AMAC in the Media

AMAC Joins Coalition to Oppose World Trade Organization COVID-19 Intellectual Property Waiver

Posted on Thursday, June 2, 2022
AMAC Action

As there is no global shortage of COVID-19 vaccines, this proposal needlessly exposes America’s economy and healthcare innovation to exploitation by bad actors.


June 2, 2022

The Honorable Katherine C. Tai
United States Trade Representative
Office of the United State Trade Representative
600 17th Street NW
Washington, DC 20508

The Honorable Gina Raimondo
Commerce Secretary
United States Department of Commerce
1401 Constitution Ave., NW
Washington, DC 20230

Dear Ambassador Tai and Secretary Raimondo:

We write in opposition to the proposal before the World Trade Organisation (WTO) to undermine intellectual property rights for COVID-19 vaccines. Rather than supporting proposals that undermine American medical innovation to the benefit of foreign rivals like Communist China, we urge you to pursue proposals that help American workers and businesses through measures that reduce government interference, lower taxes, and help promote American competitiveness.

As you know, the Director-General of the WTO introduced a draft proposal to waive IP protections for COVID-19 vaccines that exist under the Agreement on Trade-Related Aspects of Intellectual Property Rights (TRIPS). Supporters of this latest proposal are pushing for it to be adopted ahead of the WTO’s Ministerial Conference on June 12-15. If adopted, WTO members including China and Russia would be permitted to use compulsory licensing to seize the patents of American developed COVID-19 vaccines.

This proposal is not necessary because there is no global shortage of vaccines. If anything, the world may be seeing an oversupply of vaccines due to extensive investment in production, increased competition, and slowing demand. In fact, in India manufacturers have slowed down manufacturing of new vaccines after production resulted in 200 million doses of stock – far more than was needed.

While this proposal would do nothing to fight COVID-19, it would undermine the development of vaccines and treatments for future deadly pandemics. Developing new medicines is a costly, risky, and time-consuming process. A manufacturer must invest an average of $2.6 billion and ten years in research and development, according to the Tufts Center for the Study of Drug Development. In all, just 10 to 20 percent of medicines that begin clinical trials are approved. Strong IP rights are key toward ensuring manufacturers are incentivized to innovate, ensure medicines are safe and effective, and have the resources to invest in the next generation of cures. Without protections, highly effective COVID 19 vaccines would not have been completed or distributed as quickly as they were. Allowing the seizure of IP through a TRIPS waiver would undermine this system of medical innovation.

This proposal will also help America’s geopolitical rivals including Communist China and Russia. If approved, the proposal would allow foreign countries to immediately seize patents and clinical data of American businesses in order to attempt to produce COVID-19 vaccines. This would give foreign countries access to sensitive and valuable proprietary information belonging to American businesses.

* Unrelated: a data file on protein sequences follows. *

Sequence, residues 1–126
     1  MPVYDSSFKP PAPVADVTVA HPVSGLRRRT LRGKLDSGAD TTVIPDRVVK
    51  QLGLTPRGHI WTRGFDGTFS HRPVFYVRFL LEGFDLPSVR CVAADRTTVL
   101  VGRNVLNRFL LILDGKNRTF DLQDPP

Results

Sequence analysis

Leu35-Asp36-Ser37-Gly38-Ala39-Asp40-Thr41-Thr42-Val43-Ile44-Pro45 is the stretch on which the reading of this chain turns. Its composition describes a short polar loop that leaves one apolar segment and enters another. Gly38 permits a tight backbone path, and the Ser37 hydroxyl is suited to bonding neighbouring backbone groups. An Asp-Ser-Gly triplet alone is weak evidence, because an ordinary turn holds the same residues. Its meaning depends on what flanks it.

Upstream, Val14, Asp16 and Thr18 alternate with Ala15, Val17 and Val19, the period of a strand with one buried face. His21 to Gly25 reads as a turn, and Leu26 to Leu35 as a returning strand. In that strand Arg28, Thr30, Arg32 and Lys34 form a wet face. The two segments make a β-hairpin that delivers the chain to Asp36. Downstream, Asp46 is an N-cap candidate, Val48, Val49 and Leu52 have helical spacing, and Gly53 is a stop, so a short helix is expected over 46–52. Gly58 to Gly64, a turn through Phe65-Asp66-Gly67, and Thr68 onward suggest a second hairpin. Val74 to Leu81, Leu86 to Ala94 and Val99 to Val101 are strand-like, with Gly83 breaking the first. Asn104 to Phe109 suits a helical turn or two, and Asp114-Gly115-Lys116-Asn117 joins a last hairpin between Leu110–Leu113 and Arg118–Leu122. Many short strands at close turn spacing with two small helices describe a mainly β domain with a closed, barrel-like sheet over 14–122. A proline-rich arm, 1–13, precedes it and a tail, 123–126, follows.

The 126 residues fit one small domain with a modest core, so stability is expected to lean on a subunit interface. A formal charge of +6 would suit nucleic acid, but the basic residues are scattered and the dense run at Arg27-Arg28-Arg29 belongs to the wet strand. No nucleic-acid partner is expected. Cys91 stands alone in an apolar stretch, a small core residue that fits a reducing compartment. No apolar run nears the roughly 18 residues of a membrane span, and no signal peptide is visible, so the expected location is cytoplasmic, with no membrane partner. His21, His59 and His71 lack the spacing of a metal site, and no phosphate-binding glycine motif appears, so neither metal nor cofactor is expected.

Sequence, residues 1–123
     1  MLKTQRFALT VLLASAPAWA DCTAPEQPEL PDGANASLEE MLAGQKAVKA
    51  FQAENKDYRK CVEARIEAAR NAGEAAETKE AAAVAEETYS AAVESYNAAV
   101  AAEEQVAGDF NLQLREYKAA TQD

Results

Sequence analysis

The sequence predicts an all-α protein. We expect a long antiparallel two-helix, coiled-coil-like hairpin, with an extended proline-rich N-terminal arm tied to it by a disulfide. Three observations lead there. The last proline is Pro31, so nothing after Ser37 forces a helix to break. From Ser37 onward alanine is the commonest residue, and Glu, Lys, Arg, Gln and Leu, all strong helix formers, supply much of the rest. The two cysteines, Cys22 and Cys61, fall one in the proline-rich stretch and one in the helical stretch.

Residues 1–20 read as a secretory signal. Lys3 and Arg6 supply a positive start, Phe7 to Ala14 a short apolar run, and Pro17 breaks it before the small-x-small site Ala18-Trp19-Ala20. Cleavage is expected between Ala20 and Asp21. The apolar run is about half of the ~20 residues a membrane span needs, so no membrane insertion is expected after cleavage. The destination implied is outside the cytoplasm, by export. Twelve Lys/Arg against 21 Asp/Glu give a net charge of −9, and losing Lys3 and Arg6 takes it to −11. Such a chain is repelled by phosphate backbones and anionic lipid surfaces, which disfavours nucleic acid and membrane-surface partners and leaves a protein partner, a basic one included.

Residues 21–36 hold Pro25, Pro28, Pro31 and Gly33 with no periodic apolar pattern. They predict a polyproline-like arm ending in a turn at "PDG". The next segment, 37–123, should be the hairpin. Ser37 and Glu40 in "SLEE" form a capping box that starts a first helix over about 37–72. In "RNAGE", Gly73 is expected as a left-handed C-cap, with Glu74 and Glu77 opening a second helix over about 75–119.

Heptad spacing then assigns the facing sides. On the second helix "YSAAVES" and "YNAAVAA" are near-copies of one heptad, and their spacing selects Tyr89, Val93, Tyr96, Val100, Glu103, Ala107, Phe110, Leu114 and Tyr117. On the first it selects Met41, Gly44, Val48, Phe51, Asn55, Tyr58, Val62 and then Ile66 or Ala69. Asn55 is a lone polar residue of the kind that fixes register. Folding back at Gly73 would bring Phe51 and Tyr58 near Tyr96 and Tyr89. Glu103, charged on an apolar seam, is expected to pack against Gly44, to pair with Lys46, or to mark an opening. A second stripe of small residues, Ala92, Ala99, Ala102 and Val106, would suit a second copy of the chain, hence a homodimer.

There would be little protections available — while the draft proposal “encourages” countries like China to opt out of the waiver if they do not need the IP, every country would be eligible to participate in the waiver if they so choose. Even if a more geographically restricted waiver were implemented, China would still acquire US trade secrets and technology via other countries. China has an extensive record of repeatedly violating property rights and stealing IP from American businesses, so it is likely they would use this opportunity to again seize American IP rights. According to some reports, Chinese IP theft costs the U.S. $225 billion to $600 billion each year in counterfeit goods, pirated software, and theft of trade

Undermining IP rights will also harm American competitiveness and workers. IP supports millions of high-paying jobs across the country. According to the United States Patent and Trademark Office (USPTO), IP intensive industries accounted for $7.8 trillion in GDP in 2019, or 41 percent of the economy. These industries accounted for 47.2 million jobs, or 33 percent of total U.S. employment.

Pharmaceutical manufacturers are no exception – these businesses invest over $100 billion in the U.S. economy every year, directly supporting over 800,000 jobs. When indirect jobs are included, pharmaceutical innovation supports 4 million jobs and $1.1 trillion in total economic impact. These jobs are high paying – the average compensation is over $126,000 – more than double the $60,000 average compensation in the U.S.

We urge you to reject the proposed TRIPS waiver before the WTO to allow foreign countries to seize the IP of American innovators. The proposal is unnecessary given the strong global supply of COVID 19 vaccines and would instead undermine the development of the next generation of treatments. It will help America’s geopolitical rivals like Communist China at the expense of American businesses and workers.


Bob Carlstrom

President, AMAC Action

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